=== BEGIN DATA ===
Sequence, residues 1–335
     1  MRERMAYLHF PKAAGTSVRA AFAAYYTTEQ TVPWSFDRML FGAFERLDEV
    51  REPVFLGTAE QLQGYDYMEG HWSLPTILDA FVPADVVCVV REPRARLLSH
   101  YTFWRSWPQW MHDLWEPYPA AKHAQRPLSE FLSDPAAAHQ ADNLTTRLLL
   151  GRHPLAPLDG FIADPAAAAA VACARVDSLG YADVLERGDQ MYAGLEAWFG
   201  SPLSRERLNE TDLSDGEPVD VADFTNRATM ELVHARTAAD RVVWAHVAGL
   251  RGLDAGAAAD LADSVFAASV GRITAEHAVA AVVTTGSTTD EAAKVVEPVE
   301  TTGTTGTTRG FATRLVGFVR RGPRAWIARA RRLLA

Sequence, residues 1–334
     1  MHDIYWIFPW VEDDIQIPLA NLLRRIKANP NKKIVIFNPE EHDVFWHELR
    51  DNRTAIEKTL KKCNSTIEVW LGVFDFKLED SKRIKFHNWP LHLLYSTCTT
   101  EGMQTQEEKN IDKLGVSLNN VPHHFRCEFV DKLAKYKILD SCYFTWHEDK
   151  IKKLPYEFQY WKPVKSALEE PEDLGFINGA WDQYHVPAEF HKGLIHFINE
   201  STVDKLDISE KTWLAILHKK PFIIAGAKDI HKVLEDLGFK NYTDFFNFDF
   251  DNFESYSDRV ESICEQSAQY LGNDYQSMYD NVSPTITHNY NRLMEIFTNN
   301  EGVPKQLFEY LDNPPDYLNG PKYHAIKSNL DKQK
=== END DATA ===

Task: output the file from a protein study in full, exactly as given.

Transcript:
Sequence, residues 1–335
     1  MRERMAYLHF PKAAGTSVRA AFAAYYTTEQ TVPWSFDRML FGAFERLDEV
    51  REPVFLGTAE QLQGYDYMEG HWSLPTILDA FVPADVVCVV REPRARLLSH
   101  YTFWRSWPQW MHDLWEPYPA AKHAQRPLSE FLSDPAAAHQ ADNLTTRLLL
   151  GRHPLAPLDG FIADPAAAAA VACARVDSLG YADVLERGDQ MYAGLEAWFG
   201  SPLSRERLNE TDLSDGEPVD VADFTNRATM ELVHARTAAD RVVWAHVAGL
   251  RGLDAGAAAD LADSVFAASV GRITAEHAVA AVVTTGSTTD EAAKVVEPVE
   301  TTGTTGTTRG FATRLVGFVR RGPRAWIARA RRLLA

Sequence, residues 1–334
     1  MHDIYWIFPW VEDDIQIPLA NLLRRIKANP NKKIVIFNPE EHDVFWHELR
    51  DNRTAIEKTL KKCNSTIEVW LGVFDFKLED SKRIKFHNWP LHLLYSTCTT
   101  EGMQTQEEKN IDKLGVSLNN VPHHFRCEFV DKLAKYKILD SCYFTWHEDK
   151  IKKLPYEFQY WKPVKSALEE PEDLGFINGA WDQYHVPAEF HKGLIHFINE
   201  STVDKLDISE KTWLAILHKK PFIIAGAKDI HKVLEDLGFK NYTDFFNFDF
   251  DNFESYSDRV ESICEQSAQY LGNDYQSMYD NVSPTITHNY NRLMEIFTNN
   301  EGVPKQLFEY LDNPPDYLNG PKYHAIKSNL DKQK